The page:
This is in your inbox:
I’ve been using your site every day, love what you’re doing and want you to know that you’ve really made a huge difference in my life.
I really wish I could work there one day, but I’m just a student right now trying to learn cybersecurity. I wanted to help out, so I was exploring my profile page on your site and found my first vulnerability!
If you use the following link, it will take you to my profile page and a Cross-Site Scripting (XSS) alert will pop up.
I’m not looking for a reward or anything. Like I said, I just want to give back as my way of saying thanks for all you’ve done for me.
Let me know if you have any questions. I’d be happy to work alongside you and help as much as I can!
Are you going to click that link?
Of course not! You know better than that.
But you do need to verify the issue, so you’ll type it in manually, and just to be safe, change the script to a simple alert:
Yep, Jan was right!
So you inspect the source code of the web page and find exactly where the script gets injected so a patch can be made.
Oh yeah – your account has also been taken over.
Let’s go back.
Jan’s reported vulnerability was legitimate. It was safe.
But there was another vulnerability not reported – a stored XSS vulnerability – that executed just by visiting Jan’s profile.
It's not often discussed that the ultimate prize for XSS attackers aren’t cookies; the unauthorized actions, stolen private data and damage that can be caused are.
With bug bounty programs growing in popularity (a major plus), it’s becoming more and more common for non-security and executive staff to receive vulnerability reports to analyze – and quite often they come straight through email from untrusted sources.
On top of this, XSS is the most commonly found vulnerability in websites by security researchers around the world, and most reports include some kind of link to verify the issue.
What about vulnerabilities not found by researchers?
According to Netsparker’s most recent Web Security Scan Statistics, XSS was found to be much more common than SQL injection.
How much more?
There were over 1000% more XSS vulnerabilities than SQL injection vulnerabilities!
XSS is a major problem that isn’t going away by itself, no matter what hip framework your dev teams use, because automatic HTML escaping doesn't protect against all XSS vulnerabilities. As such, it's especially crucial to protect privileged accounts from attacks.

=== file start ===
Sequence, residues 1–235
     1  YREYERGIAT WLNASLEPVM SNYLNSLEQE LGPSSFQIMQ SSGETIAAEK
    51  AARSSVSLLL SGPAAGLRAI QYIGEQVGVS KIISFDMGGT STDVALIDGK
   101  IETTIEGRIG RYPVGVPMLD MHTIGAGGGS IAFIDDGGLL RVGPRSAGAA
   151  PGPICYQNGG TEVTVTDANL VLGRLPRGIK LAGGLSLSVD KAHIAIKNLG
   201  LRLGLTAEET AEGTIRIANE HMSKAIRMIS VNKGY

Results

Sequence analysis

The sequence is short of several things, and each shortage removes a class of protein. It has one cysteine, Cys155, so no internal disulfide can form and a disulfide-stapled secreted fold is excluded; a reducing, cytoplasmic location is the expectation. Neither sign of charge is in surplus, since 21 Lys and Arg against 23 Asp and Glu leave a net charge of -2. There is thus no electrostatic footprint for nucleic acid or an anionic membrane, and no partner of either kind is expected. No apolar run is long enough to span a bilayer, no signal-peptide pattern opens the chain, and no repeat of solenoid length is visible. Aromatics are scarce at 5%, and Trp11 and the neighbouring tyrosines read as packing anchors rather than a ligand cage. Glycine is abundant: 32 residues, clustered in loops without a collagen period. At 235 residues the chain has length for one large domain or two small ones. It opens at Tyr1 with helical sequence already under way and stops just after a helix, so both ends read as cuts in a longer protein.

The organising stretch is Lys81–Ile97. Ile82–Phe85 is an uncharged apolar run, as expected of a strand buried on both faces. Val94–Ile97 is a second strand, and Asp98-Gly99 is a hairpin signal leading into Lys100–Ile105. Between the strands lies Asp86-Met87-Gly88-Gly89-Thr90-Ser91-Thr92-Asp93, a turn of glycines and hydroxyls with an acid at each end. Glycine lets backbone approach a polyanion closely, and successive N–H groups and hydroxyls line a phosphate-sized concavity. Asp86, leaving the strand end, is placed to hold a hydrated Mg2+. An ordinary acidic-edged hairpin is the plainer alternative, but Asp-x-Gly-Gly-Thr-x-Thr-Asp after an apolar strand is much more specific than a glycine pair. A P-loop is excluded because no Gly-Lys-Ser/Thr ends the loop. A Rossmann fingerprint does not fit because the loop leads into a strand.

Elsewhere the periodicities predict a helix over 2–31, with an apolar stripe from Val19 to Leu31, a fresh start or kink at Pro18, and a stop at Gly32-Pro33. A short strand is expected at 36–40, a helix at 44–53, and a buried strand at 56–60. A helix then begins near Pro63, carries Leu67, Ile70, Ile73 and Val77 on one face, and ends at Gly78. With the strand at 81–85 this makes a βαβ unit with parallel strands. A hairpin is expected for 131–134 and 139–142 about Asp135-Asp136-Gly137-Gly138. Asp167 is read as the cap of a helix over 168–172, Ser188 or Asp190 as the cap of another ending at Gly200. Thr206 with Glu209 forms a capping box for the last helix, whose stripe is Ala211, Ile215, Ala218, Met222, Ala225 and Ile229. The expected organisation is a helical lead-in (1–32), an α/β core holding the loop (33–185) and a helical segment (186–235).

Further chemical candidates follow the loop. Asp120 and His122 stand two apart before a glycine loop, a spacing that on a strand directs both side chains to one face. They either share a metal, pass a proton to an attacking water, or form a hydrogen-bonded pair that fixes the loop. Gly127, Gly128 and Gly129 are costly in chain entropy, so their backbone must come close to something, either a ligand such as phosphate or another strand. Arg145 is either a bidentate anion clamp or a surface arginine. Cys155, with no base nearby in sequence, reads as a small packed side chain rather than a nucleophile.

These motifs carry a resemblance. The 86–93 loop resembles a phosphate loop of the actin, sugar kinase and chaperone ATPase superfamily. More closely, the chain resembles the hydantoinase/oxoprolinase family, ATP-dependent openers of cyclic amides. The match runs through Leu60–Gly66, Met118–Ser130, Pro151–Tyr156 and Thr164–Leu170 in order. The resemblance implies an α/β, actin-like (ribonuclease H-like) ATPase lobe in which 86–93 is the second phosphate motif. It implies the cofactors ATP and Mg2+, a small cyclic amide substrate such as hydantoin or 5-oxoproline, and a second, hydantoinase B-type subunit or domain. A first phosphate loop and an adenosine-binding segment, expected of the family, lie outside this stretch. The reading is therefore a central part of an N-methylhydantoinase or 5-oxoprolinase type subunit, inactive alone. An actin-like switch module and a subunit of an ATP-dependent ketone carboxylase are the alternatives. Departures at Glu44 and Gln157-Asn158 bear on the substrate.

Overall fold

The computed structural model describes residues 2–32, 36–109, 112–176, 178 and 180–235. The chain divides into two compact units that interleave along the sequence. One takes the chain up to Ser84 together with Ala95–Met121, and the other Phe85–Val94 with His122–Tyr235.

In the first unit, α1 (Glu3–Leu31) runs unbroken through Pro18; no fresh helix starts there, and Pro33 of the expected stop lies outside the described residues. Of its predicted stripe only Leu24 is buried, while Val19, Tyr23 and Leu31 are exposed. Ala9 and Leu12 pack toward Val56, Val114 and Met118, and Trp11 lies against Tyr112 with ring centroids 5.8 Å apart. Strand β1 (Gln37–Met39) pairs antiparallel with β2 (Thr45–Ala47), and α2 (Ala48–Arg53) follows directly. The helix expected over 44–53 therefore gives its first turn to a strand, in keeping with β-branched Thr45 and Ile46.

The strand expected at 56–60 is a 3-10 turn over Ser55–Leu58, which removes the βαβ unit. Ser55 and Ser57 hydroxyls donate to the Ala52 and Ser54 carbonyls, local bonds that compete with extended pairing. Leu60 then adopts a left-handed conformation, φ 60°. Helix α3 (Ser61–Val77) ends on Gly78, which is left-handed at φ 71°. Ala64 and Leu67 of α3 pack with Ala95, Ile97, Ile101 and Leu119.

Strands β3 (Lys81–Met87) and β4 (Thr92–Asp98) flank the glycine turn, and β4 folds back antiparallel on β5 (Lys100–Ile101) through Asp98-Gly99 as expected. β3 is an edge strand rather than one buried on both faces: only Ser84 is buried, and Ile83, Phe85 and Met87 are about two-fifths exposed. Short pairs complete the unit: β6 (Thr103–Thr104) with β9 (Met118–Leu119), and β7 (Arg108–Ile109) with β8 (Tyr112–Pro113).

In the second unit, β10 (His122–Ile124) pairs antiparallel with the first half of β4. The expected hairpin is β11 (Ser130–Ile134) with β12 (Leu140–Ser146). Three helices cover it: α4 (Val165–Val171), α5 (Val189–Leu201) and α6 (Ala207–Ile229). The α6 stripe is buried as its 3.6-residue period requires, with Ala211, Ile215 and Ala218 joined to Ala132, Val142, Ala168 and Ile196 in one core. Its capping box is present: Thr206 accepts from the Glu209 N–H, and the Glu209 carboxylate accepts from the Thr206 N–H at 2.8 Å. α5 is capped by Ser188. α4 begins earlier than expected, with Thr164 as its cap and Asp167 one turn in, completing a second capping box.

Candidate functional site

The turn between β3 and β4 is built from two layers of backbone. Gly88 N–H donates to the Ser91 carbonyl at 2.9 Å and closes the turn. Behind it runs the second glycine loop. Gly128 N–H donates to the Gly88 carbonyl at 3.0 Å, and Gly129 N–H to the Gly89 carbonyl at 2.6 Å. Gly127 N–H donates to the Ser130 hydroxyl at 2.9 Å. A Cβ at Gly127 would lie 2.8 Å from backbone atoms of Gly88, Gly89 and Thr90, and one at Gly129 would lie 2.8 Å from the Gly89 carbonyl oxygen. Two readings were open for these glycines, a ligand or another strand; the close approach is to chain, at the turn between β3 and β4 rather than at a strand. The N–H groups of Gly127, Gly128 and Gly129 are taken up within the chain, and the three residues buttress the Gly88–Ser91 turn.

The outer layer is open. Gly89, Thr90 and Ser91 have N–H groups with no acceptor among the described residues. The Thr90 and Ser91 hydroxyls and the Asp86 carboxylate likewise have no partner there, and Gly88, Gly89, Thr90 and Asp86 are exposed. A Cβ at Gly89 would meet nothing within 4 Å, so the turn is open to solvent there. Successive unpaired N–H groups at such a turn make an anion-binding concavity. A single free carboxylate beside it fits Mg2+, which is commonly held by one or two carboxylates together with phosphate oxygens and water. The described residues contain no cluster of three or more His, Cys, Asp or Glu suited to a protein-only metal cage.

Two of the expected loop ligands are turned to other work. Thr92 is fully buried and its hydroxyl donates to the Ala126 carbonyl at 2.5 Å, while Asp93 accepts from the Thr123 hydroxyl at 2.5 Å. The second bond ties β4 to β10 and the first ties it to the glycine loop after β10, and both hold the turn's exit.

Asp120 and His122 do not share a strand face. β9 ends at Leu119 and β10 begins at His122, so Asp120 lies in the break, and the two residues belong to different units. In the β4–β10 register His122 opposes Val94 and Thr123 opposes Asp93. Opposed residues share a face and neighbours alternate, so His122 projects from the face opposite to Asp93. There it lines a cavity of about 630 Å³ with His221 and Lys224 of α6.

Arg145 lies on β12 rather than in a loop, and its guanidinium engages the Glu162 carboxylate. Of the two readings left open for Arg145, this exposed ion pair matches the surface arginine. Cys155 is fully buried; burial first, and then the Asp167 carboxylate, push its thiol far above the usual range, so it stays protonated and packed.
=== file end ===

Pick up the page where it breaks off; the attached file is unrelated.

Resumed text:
Here's one way you can do that: make sure you’re not logged into your account when verifying XSS vulnerabilities, or any vulnerability, for that matter. Better yet, use a new private window, or, if you want to be extra safe, prepare a fresh VM used only for testing reports. Doing so can greatly reduce the risk of an attacker taking control of your account through XSS vulnerabilities.
Hey! Did you know it’s totally possible to prevent XSS vulnerabilities in your applications before they become a major crisis?!
To see exactly how dev teams can save costs by boosting quality and efficiency while eliminating security risks, check out my in-depth course on XSS attacks and vulnerabilities so you can protect your company and your users that rely on it, or send me a message to get started immediately.
Hacking Websites With Cross-Site ScriptingWATCH NOW
The Ultimate XSS Training Course gives you the full, uncensored picture of Cross-Site Scripting from the perspectives of criminal hackers and the engineers whose job it is to stop them.
Cross-Site Scripting (XSS) is the #1 most common appsec vulnerability that allows attackers to steal private data, hijack accounts and spread ransomware on your sites. This course teaches students to:
Discover critical XSS vulnerabilities in web applications.
Create, analyze and stop malicious exploits used by criminal hackers.
Fix XSS vulnerabilities in routine and emergency situations.
Stop costly vulnerabilities before they reach production using the latest best practices and techniques.